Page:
Trilobite (Isotelus maximus) (Paleozoic Pals)

4.7 (7 votes)

The Paleozoic Pals line of plush Paleozoic fauna has really taken off over the last five years, releasing two plush toys a year since they began in 2015. It was my hope that I would be able to keep up with them through these reviews but having moved away from the Museum of the Earth where they’re sold I’ve fallen a bit behind. Recently I was able to make a trip back to my home state of New York and visit this small museum located just outside the town of Ithaca. Once there I was blown away by the sheer quantity of these plushes that seem to have taken over the museum gift shop. Being on a budget I decided to pick up just one plush that I (I mean, my daughter) didn’t already have, the Isotelus maximus trilobite, to compliment the Geenops boothi trilobite, one of the first of the Paleozoic Pals.  

The Isotelus genus of the Asaphida order lived during the middle and upper Ordovician period and contains the largest known complete trilobite fossil, Isotelus rex, measuring 28” in length. The species represented by this plush is I. maximus which happens to be the state fossil of Ohio. This was a large species too with some individuals measuring 15” in length. This plush Isotelus pairs well with the previously released G. boothi trilobite of the Phacopida order, which is anatomically quite different from its counterpart.

Trilobites have three distinct body segments; the cephalon (head), thorax, and pygidium (tail). Starting at the cephalon of the toy we see the eyes and facial sutures stitched onto the plush. The genial spines coming off the cephalon are less than half the length of the thorax but in some real specimens they’re longer than the thorax. The thorax consists of 8 segments stitched onto the plush, with the middle lobe raised higher than the outer lobes. The pygidium is about the same size as the cephalon and there are no spines around the thorax or pygidium. All in all this is an accurate representation of I. maximus.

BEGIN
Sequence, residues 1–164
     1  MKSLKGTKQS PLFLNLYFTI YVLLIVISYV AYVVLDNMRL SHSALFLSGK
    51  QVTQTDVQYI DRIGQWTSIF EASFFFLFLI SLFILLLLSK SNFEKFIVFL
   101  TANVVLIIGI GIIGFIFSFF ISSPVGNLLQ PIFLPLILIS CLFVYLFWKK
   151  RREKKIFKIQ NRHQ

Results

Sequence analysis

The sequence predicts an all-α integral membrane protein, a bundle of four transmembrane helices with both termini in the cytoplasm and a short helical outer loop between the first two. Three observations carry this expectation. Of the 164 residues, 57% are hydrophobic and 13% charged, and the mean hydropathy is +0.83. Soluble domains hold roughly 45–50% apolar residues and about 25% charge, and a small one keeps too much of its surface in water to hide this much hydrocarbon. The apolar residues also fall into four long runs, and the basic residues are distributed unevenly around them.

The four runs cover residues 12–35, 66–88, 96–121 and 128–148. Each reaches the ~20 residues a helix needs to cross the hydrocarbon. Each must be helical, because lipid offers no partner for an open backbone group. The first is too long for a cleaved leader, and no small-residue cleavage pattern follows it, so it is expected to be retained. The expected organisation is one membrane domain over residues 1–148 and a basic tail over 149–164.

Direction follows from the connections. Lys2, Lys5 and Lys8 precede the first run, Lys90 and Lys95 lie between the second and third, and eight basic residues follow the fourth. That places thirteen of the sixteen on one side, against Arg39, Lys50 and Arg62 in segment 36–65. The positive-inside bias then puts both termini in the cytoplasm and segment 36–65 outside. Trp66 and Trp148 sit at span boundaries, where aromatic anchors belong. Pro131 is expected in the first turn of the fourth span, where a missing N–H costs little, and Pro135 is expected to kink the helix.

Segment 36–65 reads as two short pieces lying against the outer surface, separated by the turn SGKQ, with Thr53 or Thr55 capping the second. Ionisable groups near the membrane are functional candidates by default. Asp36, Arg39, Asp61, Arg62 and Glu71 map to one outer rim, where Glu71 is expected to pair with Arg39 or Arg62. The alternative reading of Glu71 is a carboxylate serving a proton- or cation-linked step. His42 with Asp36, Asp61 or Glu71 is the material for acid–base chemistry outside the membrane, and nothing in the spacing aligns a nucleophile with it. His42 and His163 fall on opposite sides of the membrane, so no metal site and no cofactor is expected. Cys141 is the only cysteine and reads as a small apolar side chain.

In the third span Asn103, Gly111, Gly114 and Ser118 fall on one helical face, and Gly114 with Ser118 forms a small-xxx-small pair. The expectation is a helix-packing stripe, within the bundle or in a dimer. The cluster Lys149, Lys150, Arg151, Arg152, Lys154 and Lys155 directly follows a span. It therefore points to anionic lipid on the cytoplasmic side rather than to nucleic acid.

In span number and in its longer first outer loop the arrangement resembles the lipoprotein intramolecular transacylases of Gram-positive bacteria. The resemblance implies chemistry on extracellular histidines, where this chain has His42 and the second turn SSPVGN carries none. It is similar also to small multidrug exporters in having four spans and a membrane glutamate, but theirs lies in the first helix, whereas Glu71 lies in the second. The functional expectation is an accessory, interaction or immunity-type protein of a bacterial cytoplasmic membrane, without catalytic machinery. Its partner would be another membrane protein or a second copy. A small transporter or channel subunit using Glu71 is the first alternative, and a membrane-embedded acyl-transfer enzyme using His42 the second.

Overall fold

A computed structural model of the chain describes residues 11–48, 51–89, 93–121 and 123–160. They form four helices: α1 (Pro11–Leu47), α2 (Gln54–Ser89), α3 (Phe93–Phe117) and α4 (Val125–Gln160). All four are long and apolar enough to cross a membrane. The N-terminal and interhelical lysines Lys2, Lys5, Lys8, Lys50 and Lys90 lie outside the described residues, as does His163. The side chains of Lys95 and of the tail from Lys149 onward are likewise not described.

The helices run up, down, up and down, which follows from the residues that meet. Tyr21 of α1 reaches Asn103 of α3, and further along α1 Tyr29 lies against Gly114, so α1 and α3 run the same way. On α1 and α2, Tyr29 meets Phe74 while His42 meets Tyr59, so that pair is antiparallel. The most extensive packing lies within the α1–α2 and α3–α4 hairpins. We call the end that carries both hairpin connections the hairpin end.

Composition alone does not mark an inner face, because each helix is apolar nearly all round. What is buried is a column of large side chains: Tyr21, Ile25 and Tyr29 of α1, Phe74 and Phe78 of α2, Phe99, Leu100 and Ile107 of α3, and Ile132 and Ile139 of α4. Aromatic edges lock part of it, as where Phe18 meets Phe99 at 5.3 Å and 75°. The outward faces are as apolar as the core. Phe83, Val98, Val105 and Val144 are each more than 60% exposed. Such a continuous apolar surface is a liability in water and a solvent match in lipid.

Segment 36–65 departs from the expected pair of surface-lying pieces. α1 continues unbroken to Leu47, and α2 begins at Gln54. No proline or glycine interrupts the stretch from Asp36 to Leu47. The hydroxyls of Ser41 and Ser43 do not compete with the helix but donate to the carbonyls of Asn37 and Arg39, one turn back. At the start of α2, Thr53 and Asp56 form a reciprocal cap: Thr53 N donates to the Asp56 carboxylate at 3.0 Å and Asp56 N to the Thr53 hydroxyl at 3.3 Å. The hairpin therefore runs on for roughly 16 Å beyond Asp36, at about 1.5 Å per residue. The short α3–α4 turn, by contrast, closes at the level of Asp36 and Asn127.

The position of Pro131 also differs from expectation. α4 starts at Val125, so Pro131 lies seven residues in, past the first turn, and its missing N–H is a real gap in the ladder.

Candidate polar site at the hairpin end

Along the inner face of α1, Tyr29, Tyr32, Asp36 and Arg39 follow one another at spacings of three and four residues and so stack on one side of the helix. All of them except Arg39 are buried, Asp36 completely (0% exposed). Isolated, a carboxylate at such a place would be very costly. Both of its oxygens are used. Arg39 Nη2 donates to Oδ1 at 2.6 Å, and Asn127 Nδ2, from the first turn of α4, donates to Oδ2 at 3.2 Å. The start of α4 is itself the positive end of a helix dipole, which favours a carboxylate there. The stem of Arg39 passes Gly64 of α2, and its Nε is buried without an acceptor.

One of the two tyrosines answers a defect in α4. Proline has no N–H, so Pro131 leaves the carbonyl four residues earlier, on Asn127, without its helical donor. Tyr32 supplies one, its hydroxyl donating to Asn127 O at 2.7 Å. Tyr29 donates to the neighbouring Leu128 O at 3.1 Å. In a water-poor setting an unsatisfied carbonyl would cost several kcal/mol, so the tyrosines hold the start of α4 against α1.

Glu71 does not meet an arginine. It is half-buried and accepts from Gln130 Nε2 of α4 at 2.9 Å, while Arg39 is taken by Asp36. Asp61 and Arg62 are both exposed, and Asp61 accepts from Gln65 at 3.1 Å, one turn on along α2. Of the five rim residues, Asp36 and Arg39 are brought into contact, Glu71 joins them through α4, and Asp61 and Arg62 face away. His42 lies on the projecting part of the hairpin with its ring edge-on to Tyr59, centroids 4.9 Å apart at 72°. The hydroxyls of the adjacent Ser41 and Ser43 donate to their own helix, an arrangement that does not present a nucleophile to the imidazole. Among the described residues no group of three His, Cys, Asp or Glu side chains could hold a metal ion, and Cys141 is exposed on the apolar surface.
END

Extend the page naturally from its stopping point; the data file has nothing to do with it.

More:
This plush measures 9” in length, about the same size as its Greenops companion but they are not in scale with each other, G. boothi only reached 1-1.5” in length. That’s not really an issue and in fact it’s nice to see these two trilobites side-by-side to compare and contrast. Both trilobites made thus far are among the best of the Paleozoic Pals line and hopefully in the future we’ll get a few more trilobites as well. This trilobite as well as all the Paleozoic Pals can be ordered online directly from the PRI (Paleontological Research Institute) web site.  

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